Media : Lives of Rich, Famous Keep Spain Enthralled : The country’s gossipy weekly magazines sell twice as fast as the leading newspapers, which are thoughtful but stolid and gray.


The leading newspapers of Spain are stolid and gray and thoughtful, befitting a nation that transformed itself from a dictatorship to a democracy in the late 1970s and early 1980s with the press chronicling and analyzing and encouraging every hesitant step of the way.

A glance at the newspaper headlines would make any visitor believe that Spaniards spend most of their time gossiping about the ideology of the ruling Socialist Party, the annual growth in gross national product, the future of Europe, and the rivalry of labor unions.

Actually, most Spaniards read far more titillating stuff, as is obvious at any of the enormous, street corner newsstands where gossipy weekly magazines sell twice as fast as newspapers. With their garish covers and insinuating headlines, the magazines reflect more accurately what really interests the country--real-life soap operas, deeply rooted in Spanish culture, involving the rich, famous and powerful.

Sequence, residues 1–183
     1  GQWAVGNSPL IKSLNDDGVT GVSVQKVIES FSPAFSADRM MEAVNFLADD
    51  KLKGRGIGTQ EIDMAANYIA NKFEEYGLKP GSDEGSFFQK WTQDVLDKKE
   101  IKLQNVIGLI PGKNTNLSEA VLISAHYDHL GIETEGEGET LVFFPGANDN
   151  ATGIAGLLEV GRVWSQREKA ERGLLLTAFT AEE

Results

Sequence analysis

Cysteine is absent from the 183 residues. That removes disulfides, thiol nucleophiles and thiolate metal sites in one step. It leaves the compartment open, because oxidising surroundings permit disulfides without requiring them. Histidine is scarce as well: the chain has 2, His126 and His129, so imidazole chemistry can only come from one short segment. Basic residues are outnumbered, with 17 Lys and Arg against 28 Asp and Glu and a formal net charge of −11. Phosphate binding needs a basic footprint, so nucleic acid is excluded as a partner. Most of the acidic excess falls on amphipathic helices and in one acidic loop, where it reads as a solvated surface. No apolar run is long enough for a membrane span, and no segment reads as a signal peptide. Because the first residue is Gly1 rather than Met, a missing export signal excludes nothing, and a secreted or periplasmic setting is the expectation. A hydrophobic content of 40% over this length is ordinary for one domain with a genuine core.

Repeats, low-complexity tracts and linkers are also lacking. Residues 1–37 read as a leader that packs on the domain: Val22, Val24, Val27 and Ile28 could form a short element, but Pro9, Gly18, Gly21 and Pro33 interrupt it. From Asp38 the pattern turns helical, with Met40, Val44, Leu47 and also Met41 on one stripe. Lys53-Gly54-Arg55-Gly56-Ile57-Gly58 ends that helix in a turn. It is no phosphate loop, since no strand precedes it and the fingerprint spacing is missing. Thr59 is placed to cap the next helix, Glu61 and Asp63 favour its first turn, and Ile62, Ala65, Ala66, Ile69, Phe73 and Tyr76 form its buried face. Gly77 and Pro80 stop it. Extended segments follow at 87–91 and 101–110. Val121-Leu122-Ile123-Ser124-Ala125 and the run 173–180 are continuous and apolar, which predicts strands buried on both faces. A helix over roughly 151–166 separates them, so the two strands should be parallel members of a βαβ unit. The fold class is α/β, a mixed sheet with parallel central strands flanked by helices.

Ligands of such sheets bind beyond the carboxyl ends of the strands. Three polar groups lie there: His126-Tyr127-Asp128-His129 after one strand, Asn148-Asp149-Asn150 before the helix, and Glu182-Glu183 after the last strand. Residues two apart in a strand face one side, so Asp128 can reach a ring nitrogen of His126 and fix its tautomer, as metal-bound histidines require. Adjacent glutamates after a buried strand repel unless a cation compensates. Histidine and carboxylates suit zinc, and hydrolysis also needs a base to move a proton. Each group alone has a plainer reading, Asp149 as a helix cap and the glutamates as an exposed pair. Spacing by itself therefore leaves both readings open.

Take the story of the rich and beautiful Koplowitz sisters and their cheating husbands, for example--a story that has entertained Spain for two years.


Alicia and Esther Koplowitz lived tranquil lives of leisure while married to two cousins, Alberto Cortina and Alberto Alcocer. The men ran the gigantic construction firm that had been started by the Koplowitz sisters’ late father, a Jewish refugee from the Nazis.

Then one of those weeklies published a photo of Cortina leaving a luxury hotel in Vienna with the young, exuberant wife of the Marques de Cubas. That naturally infuriated his wife, Alicia. The Spanish press then revealed details of an affair Alcocer had with a secretary, equally infuriating sister Esther.